The EDC nylon belts were thick and beefy, coming in around 3/16 of an inch. These straps felt so strong I was reminded of too many tow straps I’ve used over the years.
Following the theme of quality, the buckles were serious metal. The EDC buckle was a skeletonized affair, powder-coated black. It was all business.
Also included was a version of the Supreme Appendix Belt with a smaller buckle was designed for appendix carry.
Nexbelt Appendix Buckle
Concealed carriers can move the buckle around where they need it for holstering, rather than keeping it in the traditional 12 o’clock position.
Nexbelts Assemble!
Assembly went really well and is straightforward. Nexbelt’s system for measuring and cutting the belt is smartly done.
The company marked a series of waist-size numbers on the inside of the strap. Simply add 4 inches to your normal waist size and cut the strap there.
Cutting was accomplished with some beefy scissors.
Next, open the toothy clasp on the buckle and insert the buckle on the cut end.
When I closed the retainer I thought that might be more than enough to hold the buckle in place, but no, Nexbelt went even further.
Finally, screw in the thread-locker coated screws into the buckle. Short of a rough encounter with some seriously heavy equipment, that buckle is not coming off.
Wear and Tear
Each of the belts I wore tested fantastically. Some of the things I worried about (like the belt getting tighter or somehow coming loose) never happened.
The release button on the bottom won’t open during normal movement.
One of the qualities I appreciated the most was predictability. Its rigid nature ensured the items on my belt stayed right where I put them.
Whether I bent over, sat in a chair, or did other activities, the belt stayed in place.
Whenever I would unfasten it, I found it easy to put it back on and find that magical fit of “just right” by clicking the tail back in.
If I went too far, I simply backed it off.
Just as important, the rigidity of the belts made sure my gun stayed upright. Inferior belts sag and roll if they aren’t tensioned tight.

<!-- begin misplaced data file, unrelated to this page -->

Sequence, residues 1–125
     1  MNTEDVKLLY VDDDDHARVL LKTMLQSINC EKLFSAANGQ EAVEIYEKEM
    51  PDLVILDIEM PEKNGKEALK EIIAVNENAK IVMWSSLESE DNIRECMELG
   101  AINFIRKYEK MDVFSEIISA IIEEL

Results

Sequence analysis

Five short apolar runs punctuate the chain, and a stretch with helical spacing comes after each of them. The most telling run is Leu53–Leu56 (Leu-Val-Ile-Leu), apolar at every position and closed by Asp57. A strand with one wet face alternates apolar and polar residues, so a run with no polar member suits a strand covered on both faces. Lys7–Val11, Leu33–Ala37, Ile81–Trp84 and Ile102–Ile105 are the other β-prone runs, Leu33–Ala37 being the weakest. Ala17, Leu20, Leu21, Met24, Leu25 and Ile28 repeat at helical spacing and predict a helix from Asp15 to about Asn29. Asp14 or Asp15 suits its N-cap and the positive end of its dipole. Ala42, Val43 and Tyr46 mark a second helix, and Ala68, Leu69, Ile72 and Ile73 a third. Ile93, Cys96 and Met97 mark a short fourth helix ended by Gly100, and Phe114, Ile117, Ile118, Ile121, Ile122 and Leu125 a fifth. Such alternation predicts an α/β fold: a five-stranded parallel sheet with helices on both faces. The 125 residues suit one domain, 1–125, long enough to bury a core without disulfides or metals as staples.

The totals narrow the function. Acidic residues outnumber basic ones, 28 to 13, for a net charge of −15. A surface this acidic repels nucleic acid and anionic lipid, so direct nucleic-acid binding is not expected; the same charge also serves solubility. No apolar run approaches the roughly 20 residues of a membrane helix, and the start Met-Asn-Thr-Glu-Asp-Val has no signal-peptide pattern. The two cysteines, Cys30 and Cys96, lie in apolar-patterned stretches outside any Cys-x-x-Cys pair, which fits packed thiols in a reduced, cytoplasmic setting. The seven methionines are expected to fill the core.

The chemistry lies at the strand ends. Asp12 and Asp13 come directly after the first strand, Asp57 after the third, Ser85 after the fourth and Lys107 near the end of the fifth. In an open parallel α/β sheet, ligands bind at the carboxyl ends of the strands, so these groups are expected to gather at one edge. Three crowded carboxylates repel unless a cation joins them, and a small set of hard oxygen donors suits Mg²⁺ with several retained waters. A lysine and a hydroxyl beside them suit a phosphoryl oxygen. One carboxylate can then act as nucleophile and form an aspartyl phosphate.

I loved that I did not have to use excessive compression in order to keep everything in place.
It was easy to get into a habit of slowly clicking the belt into that Goldilocks spot and heading out to face the day.
The rectangular magnet at the end holds the pawl in place and won’t fail like a spring might.
The adjustability of the ratchet belt well surpasses the traditional belt loop system. I’m not sure why these are just now becoming popular in the states.
One word of advice…the first time I put one of these belts on I clicked it into place in the morning and went about my day.
A while later when the coffee hit me, I headed to the bathroom and suddenly realized I didn’t know how to take the belt off. There was a frantic moment of exploration before I found the release and activated it!
In short, practice removing it when you first try it on.
As I indicated, importance of belts is crucial to carrying a handgun. It’s a fundamental part of the delivery system.
Should a belt fail, the gun may not be there at a critical moment. Even if the belt does a poor job, it’s a risky proposition.
Nexbelt – EDC Buckle
Belts need to hold a holster in place, predictably, so users can access a firearm quickly in defense of life situations. This is not a place to scrimp, and it’s not a place to enlist the old dress belt you’ve had for years.
I can tell you that after trying the Nexbelt, I don’t see myself wearing anything else.